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Ballas, J. A. (1994). Delivery of information through sound. In G. Kramer (Ed.), Auditory Display: Sonification, Audification, and Auditory Interfaces (pp. 79–94). Reading MA: Addison-Wesley.  
Last edited by: sirfragalot 28 Apr 2009 06:34:10 Europe/Copenhagen
      The onomatopoeic function of sound is where one sound has been designed to imitate another sound. Listener expectancy is a major fact both in associating a sound with a probable cause and associating a [potential] cause with a probable sound.
Schafer, R. M. (1994). The soundscape: Our sonic environment and the tuning of the world. Rochester Vt: Destiny Books.  
Last edited by: sirfragalot 14 Feb 2014 16:44:00 Europe/Copenhagen
      "In onomatopoeic vocabulary, man unites himself with the soundscape about him, echoing back its elements. The impression is taken in; the expression is thrown back in return."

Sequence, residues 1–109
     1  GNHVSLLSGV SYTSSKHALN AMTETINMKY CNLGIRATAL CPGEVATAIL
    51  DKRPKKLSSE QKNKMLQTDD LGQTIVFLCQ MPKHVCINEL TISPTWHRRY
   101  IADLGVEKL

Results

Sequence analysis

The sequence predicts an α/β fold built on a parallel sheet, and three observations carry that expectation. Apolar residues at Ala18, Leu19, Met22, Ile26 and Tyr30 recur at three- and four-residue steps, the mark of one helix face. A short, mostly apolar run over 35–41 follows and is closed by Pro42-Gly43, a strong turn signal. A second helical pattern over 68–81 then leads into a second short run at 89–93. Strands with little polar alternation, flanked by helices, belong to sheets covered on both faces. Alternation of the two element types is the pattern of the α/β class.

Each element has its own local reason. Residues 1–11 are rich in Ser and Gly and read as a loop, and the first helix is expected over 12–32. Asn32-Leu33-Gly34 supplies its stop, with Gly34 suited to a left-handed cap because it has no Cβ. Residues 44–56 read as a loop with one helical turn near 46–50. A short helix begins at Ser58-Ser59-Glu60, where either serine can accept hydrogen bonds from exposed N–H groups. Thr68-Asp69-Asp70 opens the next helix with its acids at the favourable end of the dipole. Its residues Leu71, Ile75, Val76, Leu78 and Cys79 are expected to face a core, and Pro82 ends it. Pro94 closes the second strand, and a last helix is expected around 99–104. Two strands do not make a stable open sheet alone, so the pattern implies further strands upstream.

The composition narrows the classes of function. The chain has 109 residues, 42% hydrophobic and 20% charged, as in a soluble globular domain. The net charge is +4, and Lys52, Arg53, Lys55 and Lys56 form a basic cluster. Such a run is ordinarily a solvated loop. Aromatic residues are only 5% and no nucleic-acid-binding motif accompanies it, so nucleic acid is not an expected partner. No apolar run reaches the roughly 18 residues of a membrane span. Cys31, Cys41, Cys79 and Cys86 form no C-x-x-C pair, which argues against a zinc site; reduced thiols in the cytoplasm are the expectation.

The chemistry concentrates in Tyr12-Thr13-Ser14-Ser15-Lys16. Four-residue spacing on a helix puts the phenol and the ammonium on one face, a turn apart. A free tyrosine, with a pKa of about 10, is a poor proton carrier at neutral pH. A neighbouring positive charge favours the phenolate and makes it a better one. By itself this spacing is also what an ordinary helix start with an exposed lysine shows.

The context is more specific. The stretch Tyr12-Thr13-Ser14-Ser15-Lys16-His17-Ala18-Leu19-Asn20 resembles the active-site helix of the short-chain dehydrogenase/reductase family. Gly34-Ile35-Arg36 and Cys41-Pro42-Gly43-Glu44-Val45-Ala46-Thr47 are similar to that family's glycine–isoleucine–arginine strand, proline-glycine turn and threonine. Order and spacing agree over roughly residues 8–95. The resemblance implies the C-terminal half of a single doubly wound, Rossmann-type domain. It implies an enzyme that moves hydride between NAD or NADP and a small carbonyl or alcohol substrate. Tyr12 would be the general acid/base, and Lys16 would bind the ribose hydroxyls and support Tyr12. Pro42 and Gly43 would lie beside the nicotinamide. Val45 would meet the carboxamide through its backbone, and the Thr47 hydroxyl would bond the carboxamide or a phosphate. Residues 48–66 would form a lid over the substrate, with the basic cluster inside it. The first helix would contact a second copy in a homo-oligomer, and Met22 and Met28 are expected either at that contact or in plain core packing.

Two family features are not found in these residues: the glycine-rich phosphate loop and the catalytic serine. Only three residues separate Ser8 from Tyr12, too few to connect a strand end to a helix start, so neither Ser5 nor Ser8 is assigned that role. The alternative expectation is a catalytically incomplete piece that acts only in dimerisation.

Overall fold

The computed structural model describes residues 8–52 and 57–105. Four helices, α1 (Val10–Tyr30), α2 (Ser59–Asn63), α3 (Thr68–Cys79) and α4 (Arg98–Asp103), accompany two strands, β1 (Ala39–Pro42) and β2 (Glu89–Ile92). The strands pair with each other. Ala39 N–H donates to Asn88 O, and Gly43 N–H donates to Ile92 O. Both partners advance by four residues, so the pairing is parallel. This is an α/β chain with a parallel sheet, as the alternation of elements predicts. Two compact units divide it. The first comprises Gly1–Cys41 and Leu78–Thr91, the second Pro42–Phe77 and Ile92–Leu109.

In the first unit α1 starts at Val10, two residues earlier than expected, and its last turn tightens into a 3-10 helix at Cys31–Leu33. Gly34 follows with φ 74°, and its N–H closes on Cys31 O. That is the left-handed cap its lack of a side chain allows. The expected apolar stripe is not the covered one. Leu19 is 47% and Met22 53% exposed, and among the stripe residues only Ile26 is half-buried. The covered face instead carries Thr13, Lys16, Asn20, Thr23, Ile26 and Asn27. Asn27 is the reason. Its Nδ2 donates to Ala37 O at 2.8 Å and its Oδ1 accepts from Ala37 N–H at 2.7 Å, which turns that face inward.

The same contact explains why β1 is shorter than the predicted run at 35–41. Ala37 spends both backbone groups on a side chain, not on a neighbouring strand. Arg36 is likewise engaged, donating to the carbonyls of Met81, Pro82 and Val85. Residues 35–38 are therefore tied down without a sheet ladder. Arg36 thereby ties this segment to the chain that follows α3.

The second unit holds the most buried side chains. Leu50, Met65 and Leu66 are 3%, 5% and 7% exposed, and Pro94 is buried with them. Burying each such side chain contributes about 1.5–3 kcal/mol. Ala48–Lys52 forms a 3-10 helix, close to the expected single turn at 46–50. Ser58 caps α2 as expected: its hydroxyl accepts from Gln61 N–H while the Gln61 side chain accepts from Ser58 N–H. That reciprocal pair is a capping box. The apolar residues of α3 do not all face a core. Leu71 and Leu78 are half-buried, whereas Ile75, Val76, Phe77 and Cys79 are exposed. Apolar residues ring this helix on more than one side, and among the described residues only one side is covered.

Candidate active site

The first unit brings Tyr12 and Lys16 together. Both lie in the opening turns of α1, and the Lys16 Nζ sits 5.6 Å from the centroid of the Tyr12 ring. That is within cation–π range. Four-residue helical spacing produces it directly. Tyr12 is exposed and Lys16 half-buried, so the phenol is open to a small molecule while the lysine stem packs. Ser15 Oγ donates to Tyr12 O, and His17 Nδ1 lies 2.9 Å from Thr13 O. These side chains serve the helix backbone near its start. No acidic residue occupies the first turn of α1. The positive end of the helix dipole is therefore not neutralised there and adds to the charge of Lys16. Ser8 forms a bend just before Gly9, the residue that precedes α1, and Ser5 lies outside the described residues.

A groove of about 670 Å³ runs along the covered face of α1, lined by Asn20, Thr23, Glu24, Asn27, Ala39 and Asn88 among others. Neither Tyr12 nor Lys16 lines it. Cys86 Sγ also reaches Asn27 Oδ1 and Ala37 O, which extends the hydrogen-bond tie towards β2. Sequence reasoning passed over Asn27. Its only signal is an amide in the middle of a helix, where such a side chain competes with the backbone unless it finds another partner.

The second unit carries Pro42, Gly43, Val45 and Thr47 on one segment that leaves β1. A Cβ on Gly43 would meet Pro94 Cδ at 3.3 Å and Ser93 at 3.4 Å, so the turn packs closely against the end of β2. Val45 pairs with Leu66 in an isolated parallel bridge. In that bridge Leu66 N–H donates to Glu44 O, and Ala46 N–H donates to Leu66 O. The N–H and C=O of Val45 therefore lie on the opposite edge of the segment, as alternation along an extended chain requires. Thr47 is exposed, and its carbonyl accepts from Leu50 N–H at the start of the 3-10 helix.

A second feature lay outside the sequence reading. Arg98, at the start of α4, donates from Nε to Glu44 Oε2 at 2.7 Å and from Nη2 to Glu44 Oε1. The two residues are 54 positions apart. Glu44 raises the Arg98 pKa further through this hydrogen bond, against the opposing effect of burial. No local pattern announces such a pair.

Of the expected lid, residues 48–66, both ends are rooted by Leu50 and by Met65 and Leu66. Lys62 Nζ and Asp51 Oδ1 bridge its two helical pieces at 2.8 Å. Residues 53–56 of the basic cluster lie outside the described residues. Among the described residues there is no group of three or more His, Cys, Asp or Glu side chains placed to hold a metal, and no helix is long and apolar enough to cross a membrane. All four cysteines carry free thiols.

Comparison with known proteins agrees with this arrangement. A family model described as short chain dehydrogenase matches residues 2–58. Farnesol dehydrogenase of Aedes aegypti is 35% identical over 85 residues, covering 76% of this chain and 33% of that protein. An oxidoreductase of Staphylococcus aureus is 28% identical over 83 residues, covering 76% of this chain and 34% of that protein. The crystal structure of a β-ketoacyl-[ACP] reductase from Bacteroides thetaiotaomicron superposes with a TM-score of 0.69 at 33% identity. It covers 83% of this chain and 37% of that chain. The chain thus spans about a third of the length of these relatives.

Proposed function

Smith, B. R. (2004). Listening to the wild blue yonder: The challenges of acoustic ecology. In V. Erlmann (Ed.), Hearing Cultures: Essays on Sound Listening and Modernity (pp. 21–41). Oxford: Berg.  
Added by: sirfragalot 20 Sep 2012 12:10:56 Europe/Copenhagen
      Presents evidence that readers in the early modern age (c.1600) would have heard sounds in texts (handwriting, woodcuts and print). Levels and different types of literacy, contemporary witnesses (e.g. Erasmus), didactic books encouraging new writers to pronounce the phonemes as they are written. This is not the case for the modern reader.
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